In Mr. Mosley’s account, Mr. Mayweather’s being “terrified” of losing is not to be taken pejoratively. Here, Mr. Mosley does not refer to Mr. Mayweather’s fear in the same sense as do those who are of the opinion that Mr. Mayweather excessively ducked difficult fights – a long debated topic beyond the scope of this article. In the context of the quote, Mr. Mosley suggests that Mr. Mayweather’s fear of defeat made him more difficult to defeat. Mr. Mosley suggests that because the idea of losing a fight was so terrifying to Mr. Mayweather, Mr. Mayweather trained and fought in a way to ensure that his hard work and talent would always win out, and he would never see the referee raise the hand of his opponent in victory.
The vast majority of great fighters – such as Mr. Mosley himself – lose fights in their career. Over enough fights, even the best fighter may fall victim to an upset, lose a fight to another top contender, or simply fight on too long. A boxer can do everything right, only to be the loser on the judges’ cards after the final bell. Mr. Mayweather came to define himself by his undefeated record nearly as much as he defined himself by his love of money and outrageous public persona. He chose his fights carefully, trained for his fights hard, and avoided having the kind of bad night that could have resulted in a defeat. Taken together, Mr. Mosley’s analysis that Mr. Mayweather was driven to make the most of his considerable talent by his fear of losing seems quite plausible, if not more likely than not true.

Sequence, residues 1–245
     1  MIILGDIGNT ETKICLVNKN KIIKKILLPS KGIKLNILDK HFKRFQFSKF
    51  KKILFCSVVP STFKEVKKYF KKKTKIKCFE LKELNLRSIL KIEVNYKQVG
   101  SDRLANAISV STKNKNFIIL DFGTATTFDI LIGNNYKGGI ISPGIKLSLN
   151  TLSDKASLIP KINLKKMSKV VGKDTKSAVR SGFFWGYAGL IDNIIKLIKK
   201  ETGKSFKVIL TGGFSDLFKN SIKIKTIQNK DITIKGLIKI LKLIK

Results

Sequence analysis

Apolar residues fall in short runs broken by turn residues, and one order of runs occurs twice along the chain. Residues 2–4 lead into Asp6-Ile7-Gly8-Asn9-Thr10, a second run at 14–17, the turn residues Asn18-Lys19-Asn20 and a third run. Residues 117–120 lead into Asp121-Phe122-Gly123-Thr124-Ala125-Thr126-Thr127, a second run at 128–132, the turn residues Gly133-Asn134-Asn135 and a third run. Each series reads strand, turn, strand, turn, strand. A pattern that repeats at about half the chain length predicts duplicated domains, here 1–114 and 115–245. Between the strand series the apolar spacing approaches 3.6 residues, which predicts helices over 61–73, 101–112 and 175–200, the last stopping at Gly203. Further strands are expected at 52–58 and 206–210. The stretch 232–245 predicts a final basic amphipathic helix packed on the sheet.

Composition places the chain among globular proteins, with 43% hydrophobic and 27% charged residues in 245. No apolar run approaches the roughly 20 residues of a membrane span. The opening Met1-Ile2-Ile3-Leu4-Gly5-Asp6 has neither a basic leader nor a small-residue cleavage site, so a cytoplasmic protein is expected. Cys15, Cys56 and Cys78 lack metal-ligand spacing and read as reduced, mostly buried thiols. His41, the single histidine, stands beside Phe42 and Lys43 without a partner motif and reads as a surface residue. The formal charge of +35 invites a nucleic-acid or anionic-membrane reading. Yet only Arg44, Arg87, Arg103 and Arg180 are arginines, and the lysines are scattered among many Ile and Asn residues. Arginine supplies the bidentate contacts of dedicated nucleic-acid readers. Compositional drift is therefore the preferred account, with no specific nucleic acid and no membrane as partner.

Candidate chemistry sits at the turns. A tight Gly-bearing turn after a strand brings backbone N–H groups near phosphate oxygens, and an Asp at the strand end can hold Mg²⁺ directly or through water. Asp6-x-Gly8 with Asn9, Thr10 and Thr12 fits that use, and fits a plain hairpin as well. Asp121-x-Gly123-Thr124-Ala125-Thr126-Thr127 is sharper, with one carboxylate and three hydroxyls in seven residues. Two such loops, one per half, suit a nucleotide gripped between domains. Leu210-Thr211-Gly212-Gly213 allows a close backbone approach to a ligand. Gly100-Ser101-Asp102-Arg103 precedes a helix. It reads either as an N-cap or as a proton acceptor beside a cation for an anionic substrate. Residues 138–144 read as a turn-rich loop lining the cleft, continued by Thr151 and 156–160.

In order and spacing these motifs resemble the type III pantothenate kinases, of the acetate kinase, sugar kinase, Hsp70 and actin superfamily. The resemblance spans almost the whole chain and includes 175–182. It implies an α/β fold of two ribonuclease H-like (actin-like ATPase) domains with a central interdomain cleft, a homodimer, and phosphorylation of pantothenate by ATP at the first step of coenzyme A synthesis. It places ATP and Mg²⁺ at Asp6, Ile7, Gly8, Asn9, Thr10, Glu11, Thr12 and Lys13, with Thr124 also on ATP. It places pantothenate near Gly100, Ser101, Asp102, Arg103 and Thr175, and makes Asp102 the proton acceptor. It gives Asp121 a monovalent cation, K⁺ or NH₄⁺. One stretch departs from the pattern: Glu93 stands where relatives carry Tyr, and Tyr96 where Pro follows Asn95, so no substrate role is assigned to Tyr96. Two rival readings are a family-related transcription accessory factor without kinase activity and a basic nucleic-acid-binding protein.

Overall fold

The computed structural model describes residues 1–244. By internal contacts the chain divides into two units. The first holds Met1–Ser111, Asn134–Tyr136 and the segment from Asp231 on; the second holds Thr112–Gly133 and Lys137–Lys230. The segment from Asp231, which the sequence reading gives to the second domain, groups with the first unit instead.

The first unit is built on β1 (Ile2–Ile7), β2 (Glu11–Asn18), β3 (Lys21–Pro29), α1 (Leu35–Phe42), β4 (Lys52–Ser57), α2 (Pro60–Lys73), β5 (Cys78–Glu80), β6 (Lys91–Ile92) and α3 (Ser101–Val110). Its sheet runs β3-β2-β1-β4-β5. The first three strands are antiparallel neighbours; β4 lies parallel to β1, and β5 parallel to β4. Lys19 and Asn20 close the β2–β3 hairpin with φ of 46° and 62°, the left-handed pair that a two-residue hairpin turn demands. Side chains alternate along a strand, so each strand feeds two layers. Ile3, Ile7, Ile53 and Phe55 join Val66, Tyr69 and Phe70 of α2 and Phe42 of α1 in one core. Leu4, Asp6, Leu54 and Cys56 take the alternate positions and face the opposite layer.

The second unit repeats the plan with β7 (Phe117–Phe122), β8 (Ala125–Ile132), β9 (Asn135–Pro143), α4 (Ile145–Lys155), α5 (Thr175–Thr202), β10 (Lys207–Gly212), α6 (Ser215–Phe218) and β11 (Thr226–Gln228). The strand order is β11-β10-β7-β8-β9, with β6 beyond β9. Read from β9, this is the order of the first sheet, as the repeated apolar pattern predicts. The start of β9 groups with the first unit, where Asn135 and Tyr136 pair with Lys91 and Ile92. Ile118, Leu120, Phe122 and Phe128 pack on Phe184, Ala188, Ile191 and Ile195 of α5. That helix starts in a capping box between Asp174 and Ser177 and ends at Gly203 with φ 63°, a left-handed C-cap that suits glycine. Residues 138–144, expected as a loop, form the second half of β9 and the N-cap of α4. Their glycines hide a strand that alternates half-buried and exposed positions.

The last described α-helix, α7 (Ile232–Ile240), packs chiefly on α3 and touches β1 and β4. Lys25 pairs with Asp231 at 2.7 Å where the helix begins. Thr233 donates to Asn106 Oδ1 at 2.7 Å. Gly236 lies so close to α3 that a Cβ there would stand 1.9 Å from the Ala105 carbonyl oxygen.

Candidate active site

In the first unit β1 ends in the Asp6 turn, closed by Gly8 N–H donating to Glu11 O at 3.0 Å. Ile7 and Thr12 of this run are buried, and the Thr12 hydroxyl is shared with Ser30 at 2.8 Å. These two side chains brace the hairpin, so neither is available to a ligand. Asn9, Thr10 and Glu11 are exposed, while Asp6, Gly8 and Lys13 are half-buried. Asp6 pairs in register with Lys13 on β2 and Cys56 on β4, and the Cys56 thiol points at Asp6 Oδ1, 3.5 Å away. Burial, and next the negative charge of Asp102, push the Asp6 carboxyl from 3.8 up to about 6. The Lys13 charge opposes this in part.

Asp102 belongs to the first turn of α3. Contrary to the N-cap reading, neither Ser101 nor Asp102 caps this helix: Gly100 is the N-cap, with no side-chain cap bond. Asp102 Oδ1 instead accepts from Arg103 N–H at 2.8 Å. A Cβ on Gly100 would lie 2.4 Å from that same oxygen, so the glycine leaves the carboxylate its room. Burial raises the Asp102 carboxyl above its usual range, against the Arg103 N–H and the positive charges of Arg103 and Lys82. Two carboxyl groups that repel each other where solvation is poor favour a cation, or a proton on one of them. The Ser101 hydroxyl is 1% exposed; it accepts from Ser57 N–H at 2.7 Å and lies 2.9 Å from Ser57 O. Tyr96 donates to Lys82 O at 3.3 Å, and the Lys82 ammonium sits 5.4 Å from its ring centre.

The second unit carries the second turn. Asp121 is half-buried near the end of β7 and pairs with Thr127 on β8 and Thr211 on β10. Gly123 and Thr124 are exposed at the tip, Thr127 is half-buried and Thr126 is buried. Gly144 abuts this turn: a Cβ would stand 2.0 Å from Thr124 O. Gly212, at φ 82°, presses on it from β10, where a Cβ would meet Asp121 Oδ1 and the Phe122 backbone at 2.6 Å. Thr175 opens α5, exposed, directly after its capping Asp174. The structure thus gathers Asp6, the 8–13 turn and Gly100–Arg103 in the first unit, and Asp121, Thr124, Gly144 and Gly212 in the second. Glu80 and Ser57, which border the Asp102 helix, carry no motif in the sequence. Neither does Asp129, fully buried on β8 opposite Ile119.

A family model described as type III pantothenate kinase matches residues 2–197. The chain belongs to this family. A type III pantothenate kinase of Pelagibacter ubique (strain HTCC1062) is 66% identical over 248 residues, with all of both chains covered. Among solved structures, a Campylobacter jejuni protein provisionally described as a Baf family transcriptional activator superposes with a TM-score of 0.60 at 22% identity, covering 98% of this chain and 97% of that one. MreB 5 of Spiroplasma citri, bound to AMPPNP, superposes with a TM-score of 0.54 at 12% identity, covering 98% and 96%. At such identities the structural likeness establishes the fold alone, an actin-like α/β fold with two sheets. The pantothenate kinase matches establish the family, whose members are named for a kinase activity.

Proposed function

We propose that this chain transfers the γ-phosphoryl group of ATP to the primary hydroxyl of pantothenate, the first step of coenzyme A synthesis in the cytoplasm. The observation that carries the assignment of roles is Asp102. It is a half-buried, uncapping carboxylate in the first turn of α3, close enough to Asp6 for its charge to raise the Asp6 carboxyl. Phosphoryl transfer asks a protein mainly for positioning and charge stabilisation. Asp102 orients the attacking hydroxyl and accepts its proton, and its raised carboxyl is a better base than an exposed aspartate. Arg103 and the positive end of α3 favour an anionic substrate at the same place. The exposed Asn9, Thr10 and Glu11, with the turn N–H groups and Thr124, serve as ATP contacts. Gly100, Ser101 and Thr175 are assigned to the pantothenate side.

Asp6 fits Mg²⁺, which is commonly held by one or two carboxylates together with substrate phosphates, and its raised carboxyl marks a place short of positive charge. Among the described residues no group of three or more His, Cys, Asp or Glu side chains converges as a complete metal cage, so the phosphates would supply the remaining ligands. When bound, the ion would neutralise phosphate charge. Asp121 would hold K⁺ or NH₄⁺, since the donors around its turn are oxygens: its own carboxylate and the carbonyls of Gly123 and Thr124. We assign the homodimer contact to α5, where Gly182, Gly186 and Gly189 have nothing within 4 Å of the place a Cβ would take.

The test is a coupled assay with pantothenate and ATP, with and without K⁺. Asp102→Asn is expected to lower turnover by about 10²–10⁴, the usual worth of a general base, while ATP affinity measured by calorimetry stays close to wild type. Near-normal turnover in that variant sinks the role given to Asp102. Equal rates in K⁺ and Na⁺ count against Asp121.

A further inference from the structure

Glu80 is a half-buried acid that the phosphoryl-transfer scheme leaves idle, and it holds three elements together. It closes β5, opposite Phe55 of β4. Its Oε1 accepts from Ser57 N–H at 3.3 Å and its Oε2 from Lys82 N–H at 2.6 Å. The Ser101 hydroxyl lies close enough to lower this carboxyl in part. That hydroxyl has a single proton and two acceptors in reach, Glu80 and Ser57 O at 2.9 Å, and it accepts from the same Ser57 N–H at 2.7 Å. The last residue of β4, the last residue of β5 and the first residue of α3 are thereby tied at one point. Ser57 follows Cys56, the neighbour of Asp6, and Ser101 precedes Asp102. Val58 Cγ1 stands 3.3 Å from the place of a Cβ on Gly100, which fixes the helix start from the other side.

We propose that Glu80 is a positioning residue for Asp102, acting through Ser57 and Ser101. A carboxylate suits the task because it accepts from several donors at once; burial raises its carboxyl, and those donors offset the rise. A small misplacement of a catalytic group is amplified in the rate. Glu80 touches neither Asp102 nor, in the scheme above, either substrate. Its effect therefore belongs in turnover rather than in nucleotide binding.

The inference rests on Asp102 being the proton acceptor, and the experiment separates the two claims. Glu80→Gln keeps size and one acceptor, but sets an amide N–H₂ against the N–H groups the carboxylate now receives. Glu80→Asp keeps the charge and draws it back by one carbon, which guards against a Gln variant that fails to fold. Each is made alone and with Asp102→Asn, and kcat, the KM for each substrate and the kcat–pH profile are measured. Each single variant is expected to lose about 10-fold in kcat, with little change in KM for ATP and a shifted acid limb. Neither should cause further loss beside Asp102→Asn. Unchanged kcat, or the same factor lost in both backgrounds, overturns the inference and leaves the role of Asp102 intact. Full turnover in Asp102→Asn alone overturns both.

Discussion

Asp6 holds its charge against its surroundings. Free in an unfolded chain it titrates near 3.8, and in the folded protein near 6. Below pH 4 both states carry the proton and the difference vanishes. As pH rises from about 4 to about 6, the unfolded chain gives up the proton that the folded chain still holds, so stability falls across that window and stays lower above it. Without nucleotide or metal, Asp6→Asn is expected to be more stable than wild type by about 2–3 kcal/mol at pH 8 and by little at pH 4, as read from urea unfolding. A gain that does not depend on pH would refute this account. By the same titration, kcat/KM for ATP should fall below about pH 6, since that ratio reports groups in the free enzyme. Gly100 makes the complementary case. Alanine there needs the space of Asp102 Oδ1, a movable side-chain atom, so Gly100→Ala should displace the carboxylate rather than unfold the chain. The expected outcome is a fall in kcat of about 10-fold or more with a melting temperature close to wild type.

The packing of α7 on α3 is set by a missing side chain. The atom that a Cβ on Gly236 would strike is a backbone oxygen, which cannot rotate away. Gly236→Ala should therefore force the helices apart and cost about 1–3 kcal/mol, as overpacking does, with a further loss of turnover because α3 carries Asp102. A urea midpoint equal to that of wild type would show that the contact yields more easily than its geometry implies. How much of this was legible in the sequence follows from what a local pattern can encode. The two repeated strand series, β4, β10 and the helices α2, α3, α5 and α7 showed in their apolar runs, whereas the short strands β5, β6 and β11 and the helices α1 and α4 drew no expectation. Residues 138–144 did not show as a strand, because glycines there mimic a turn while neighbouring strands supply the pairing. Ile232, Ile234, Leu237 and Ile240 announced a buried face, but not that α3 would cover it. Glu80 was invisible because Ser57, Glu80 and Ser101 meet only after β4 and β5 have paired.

Points of General Interest
Mr. Mosley’s analysis of Mr. Mayweather is interesting when separated from Mr. Mayweather. It recognizes, correctly, that confidence and fear can exist together, and that fear can paradoxically lead to buttressing confidence.
Whether confidence is well-founded or baseless often depends, in part, on effort and attention to detail. To that extent, if fear motivates one to work hard and proceed carefully in order to avoid failure, it can make one justifiably confident in achieving a desired outcome.
Whether fear, even in the ideal case that Mr. Mosley described, is a healthy motivating factor, is a different and more complicated question. I will leave further analysis of the issue for another day, but leave with a quote from the twelfth maxim in Epictetus’s Enchiridion, as translated by Elizabeth Carter in 1790: “[I]t is better to die with hunger, exempt from grief and fear, than to live in affluence with perturbation…” Even if fear leads to work to justify confidence and achieve desired outcomes, is it conducive to genuine self-improvement and living well? I submit this question for your consideration, and for me to pick up anew on a later date.